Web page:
Ivanovich popped the lid of his T-64 tank; perching his arms over the rim of his command hatch, he hauled his head and aching shoulders out into the fresh air of a new August day. They had been moving non-stop since the early hours of the morning, and his eyes watered and stung in the chilly morning air. The many hours cooped up in the cramped bowels of his command tank had every muscle in his body complaining, and he could take it no more. He reckoned he was probably breaking with discipline, unbuttoning his vehicle like that, but he no longer cared. The danger of partisan sharpshooters was minimal out on the open road, and the nuclear threat was still just that: a threat. He craved a cigarette like mad, but thought better of it. He was still an officer, and he had to suppress his cravings until he was relieved or dead.
There it was. He wished he hadn’t thought about it, but he did. Death. He was a good officer, his superiors had told him so – but he was also young, and inexperienced. Luck had spared him the worst of the fighting thus far. The breakthroughs at Hamburg and Bremen: Ivanovich and his company had been very much side characters in the fighting, always held in reserve, or somewhere on the outer wedge of the advance, far away from the most vicious fighting, always pushing forward, always. Delays were forbidden, retreats unthinkable, not one step back, not one. The KGB was watching, young commander, always watching. The thoughts tumbled through his head as he let his eyes fall shut, but he knew he couldn’t sleep. He flicked on his radio to speak to his crew over the din of the 5-cylinder engine and rattling tracks.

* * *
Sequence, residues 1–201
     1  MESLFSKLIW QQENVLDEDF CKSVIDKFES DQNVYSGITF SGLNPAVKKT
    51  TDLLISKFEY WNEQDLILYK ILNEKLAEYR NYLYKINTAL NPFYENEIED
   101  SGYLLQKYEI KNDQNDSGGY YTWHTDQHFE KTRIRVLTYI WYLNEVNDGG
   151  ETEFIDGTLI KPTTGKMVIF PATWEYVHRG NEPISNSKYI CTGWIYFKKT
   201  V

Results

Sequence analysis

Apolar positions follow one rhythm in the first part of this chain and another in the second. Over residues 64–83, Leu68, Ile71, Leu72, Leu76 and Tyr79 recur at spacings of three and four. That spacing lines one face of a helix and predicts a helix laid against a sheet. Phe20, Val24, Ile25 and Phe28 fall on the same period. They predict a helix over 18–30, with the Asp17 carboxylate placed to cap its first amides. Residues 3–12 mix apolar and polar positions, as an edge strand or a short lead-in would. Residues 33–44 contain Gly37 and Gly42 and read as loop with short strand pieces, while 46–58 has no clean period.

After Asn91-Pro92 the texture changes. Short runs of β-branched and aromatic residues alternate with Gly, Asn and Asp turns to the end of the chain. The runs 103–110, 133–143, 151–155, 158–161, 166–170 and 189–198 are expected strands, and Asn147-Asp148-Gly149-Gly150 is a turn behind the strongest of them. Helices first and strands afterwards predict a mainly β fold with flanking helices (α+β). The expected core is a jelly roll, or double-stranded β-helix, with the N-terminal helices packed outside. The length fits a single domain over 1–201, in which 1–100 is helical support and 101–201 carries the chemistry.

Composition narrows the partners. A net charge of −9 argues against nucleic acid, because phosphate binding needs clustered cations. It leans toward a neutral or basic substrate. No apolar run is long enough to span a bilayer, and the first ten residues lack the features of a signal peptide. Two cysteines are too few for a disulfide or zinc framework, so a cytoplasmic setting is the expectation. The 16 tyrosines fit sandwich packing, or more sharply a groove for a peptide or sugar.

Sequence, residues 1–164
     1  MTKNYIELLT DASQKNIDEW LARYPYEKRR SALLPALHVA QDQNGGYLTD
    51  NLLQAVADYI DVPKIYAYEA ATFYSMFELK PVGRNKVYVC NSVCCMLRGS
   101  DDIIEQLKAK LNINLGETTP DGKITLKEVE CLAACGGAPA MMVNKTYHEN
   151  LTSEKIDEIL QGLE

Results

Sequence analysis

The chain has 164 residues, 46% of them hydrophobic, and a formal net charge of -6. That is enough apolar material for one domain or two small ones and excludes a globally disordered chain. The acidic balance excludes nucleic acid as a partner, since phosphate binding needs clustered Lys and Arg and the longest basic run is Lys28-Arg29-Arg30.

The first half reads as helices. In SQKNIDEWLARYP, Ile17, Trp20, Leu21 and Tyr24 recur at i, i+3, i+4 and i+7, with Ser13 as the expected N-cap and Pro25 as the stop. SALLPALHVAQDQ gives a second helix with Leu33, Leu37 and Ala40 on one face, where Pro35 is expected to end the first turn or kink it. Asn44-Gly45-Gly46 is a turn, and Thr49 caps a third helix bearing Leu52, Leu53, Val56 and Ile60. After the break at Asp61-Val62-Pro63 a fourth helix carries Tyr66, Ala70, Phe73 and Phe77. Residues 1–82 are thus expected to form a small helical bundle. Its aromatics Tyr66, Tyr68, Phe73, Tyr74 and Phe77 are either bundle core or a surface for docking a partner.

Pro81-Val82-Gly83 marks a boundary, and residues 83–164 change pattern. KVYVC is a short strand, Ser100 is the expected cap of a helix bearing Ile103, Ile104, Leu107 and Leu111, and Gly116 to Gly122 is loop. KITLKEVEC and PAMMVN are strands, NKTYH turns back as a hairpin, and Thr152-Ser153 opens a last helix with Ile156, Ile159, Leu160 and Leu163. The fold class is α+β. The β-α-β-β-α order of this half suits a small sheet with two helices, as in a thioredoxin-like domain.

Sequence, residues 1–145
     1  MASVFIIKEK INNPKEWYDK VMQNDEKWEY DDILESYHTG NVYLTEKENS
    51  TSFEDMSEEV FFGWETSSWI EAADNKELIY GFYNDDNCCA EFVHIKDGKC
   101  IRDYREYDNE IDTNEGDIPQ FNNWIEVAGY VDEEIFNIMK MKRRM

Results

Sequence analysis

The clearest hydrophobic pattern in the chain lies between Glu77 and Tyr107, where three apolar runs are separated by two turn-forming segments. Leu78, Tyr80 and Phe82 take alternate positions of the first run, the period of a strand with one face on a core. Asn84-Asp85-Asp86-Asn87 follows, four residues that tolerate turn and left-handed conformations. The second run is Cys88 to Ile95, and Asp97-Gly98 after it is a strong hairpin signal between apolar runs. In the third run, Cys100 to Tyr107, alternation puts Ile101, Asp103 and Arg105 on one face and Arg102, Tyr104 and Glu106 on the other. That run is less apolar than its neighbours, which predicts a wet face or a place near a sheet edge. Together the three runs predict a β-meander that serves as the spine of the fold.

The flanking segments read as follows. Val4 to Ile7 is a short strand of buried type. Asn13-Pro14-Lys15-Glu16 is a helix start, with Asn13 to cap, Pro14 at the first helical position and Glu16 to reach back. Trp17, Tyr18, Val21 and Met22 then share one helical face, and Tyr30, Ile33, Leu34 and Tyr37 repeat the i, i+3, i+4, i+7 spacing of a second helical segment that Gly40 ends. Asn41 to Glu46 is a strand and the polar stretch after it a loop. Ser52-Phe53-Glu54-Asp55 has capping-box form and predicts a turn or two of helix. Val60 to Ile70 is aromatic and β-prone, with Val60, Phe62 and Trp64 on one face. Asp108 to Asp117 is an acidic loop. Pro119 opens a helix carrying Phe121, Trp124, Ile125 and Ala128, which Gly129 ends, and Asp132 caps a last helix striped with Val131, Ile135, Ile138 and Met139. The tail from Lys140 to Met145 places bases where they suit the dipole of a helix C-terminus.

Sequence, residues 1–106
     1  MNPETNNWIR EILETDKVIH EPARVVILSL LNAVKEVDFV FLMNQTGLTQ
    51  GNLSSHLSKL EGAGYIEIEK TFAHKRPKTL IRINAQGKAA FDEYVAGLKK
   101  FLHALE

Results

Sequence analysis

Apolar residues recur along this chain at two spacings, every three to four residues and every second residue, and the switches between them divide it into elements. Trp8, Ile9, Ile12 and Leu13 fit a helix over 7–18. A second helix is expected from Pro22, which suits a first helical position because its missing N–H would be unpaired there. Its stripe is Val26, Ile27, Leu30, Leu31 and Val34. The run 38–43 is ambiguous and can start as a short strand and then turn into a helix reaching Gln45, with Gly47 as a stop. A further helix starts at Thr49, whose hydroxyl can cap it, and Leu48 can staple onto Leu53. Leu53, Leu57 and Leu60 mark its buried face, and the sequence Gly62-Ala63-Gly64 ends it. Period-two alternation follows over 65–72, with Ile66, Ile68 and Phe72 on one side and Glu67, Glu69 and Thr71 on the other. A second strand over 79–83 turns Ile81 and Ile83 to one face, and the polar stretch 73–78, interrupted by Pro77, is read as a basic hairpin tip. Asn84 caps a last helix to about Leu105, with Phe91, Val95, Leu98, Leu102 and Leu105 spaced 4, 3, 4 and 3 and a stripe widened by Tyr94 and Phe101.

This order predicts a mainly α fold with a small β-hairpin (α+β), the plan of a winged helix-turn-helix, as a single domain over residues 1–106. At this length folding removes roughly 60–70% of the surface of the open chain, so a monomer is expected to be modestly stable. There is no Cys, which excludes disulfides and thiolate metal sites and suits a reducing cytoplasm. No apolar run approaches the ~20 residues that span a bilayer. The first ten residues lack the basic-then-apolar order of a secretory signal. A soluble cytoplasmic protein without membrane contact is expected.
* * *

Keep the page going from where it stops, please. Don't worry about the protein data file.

‘Granin,’ he intoned into his microphone. Granin, his driver, came back, his usual slow drawl.
‘Sir, I can smell the fresh here all the way down here. Mind if I get some?’
‘Sorry, comrade, not yet,’ the young tank commander replied. ‘Commander’s privileges this time. How are you feeling?’
‘Fantastic, sir, my leg is yet to cramp this morning,’ came the deadpan response. Ivanovich liked Granin, even if his respect for authority was left wanting sometimes, out here in the field. Or perhaps that was why.
‘Not long now, my friend,’ Ivanovich reassured his driver. He could see the church steeple of the Dutch town of Apeldoorn now, jutting out of the horizon like the tip of an immense spear. A good omen, he thought to himself. They were themselves part of an immense spear, thrusting deep into the side of the NATO armies.
Ivanovich glanced back at the column of armour following behind his tank, and then dropped back inside the squat turret. Pulling free a heavily used map from his belongings near his station, he studied the overhead of the small industrial town of Apeldoorn.
They were not expecting much – if any – resistance as they moved through the town, instead expecting to encounter the Dutch or British further on the route towards the Ruhr valley. Ivanovich looked over at Sokolov, his gunner, dozing against the hull in the most comfortable position one could manage in the confines of a T-64, and supposed he ought to wake him.
‘Comrade Gurlukovich, take your tubs around the fields on our right flank. I want you to screen our movements up the main road.’